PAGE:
Brand names: Vivaglobin
Vivaglobin is an immune globulin, made from human plasma. It is used in people who do not have healthy immune systems.
Vivaglobin contains the antibody immunoglobulin G (IgG), which is found in the blood of healthy individuals to help combat germs, such as bacteria and viruses. Because it helps the body rid itself of these bacteria and viruses, IgG is important in helping the body fight infection.
People who receive immune globulin therapy for the first time, who are switched from another brand of immune globulin, or who have not received immune globulin therapy within the 8 weeks, may develop fever, chills, nausea, and vomiting.
Because Vivaglobin is made from human blood, it may contain infectious agents, such as viruses, that can cause disease.
Vivaglobin is taken subcutaneously (just under the skin). Do not administer it into a blood vessel (vein or artery).
The following areas are recommended for the injection of Vivaglobin: stomach, upper leg or arm, or hip. Talk with your doctor to figure out the best injection site for you.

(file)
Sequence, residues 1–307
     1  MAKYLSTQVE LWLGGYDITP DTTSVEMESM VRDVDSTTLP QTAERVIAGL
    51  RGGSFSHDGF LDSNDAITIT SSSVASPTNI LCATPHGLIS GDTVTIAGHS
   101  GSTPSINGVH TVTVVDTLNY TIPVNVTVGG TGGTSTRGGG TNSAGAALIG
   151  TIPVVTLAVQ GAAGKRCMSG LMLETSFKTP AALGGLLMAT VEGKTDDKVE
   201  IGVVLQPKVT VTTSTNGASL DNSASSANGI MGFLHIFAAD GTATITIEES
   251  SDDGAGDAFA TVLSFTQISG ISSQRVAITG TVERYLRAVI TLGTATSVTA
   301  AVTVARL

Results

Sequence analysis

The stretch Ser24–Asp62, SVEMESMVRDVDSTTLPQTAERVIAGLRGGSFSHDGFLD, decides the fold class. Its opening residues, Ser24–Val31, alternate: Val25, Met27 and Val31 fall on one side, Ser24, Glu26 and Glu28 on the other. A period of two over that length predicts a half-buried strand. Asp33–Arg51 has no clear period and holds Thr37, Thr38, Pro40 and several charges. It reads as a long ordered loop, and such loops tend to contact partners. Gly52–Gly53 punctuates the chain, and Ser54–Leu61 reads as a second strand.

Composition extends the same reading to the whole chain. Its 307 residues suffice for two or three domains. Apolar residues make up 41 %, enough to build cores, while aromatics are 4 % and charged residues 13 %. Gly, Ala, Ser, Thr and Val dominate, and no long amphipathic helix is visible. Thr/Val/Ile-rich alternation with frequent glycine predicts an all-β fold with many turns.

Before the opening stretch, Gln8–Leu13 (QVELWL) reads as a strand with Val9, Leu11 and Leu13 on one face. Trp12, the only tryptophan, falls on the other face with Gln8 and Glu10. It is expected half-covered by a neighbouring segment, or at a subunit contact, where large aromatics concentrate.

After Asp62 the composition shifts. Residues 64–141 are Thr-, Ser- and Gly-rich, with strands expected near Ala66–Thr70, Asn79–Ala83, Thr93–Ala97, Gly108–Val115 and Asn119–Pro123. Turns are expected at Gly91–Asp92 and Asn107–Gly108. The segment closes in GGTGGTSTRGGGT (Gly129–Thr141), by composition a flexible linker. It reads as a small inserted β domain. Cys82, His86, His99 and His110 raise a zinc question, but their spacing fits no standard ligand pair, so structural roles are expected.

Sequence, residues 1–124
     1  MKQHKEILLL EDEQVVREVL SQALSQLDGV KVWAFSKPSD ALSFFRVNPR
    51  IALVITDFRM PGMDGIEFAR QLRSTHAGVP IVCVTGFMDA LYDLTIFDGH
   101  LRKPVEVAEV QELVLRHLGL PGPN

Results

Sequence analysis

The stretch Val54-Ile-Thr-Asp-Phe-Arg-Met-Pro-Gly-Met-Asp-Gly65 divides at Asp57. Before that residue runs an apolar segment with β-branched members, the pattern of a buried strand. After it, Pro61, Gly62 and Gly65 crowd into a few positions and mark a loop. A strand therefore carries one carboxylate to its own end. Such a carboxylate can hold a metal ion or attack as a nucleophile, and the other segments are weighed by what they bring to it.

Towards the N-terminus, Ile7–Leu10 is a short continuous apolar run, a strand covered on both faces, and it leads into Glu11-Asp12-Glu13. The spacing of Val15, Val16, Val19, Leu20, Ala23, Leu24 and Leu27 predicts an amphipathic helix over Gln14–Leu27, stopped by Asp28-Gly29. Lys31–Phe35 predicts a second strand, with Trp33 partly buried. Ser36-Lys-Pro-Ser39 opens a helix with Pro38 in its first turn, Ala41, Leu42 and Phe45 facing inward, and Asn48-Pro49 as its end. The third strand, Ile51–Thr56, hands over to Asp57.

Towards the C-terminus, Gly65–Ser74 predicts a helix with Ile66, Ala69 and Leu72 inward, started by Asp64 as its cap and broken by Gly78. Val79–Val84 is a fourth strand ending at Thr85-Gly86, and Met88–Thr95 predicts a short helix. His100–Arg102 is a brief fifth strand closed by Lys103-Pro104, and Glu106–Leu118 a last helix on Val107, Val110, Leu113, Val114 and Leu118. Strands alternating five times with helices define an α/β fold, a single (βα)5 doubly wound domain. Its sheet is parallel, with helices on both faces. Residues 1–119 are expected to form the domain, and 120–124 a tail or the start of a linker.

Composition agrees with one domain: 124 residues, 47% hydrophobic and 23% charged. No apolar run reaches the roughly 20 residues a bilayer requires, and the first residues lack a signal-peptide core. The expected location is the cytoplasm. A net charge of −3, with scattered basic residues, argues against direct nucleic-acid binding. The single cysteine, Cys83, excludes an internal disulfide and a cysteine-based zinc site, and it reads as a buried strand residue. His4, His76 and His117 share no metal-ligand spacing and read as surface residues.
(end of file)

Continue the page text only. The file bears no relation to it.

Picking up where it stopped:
Side effects cannot be anticipated. If any develop or change in intensity, inform your doctor as soon as possible. Only your doctor can determine if it is safe for you to continue taking Immune globulin subcutaneous (human).
Do not take Vivaglobin if you have had a previous reaction to immune globulin A (IgA).
Avoid using Vivaglobin if your doctor has not explained how to take it.
Tell your doctor about all prescription, over-the-counter, and herbal medications you are taking before beginning treatment with Vivaglobin. Also, talk to your doctor about your complete medical history, especially if you are pregnant or planning to become pregnant.Possible food and drug interactions when taking Immune globulin subcutaneous (human)
If Vivaglobin is taken with certain other drugs, the effects of either could be increased, decreased, or altered. It is especially important to check with your doctor before combining Vivaglobin with the measles, mumps, and rubella vaccine (MMR).
The effects of Vivaglobin during pregnancy and breastfeeding are unknown. Talk with your doctor before taking Immune globulin subcutaneous (human) if you are pregnant, plan to become pregnant, or are breastfeeding.
The recommended weekly dose of Vivaglobin is 100 to 200 milligrams per kilogram of body weight, given just under the skin.
Any medication taken in excess can have serious consequences. If you suspect an overdose, seek medical attention immediately.